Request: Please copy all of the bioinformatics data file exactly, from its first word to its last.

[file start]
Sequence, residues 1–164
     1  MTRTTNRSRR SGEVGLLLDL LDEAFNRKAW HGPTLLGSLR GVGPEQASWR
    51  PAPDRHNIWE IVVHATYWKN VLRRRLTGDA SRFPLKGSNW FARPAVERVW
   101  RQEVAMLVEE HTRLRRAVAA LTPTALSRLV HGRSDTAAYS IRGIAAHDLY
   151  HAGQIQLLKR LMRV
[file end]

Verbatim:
Sequence, residues 1–164
     1  MTRTTNRSRR SGEVGLLLDL LDEAFNRKAW HGPTLLGSLR GVGPEQASWR
    51  PAPDRHNIWE IVVHATYWKN VLRRRLTGDA SRFPLKGSNW FARPAVERVW
   101  RQEVAMLVEE HTRLRRAVAA LTPTALSRLV HGRSDTAAYS IRGIAAHDLY
   151  HAGQIQLLKR LMRV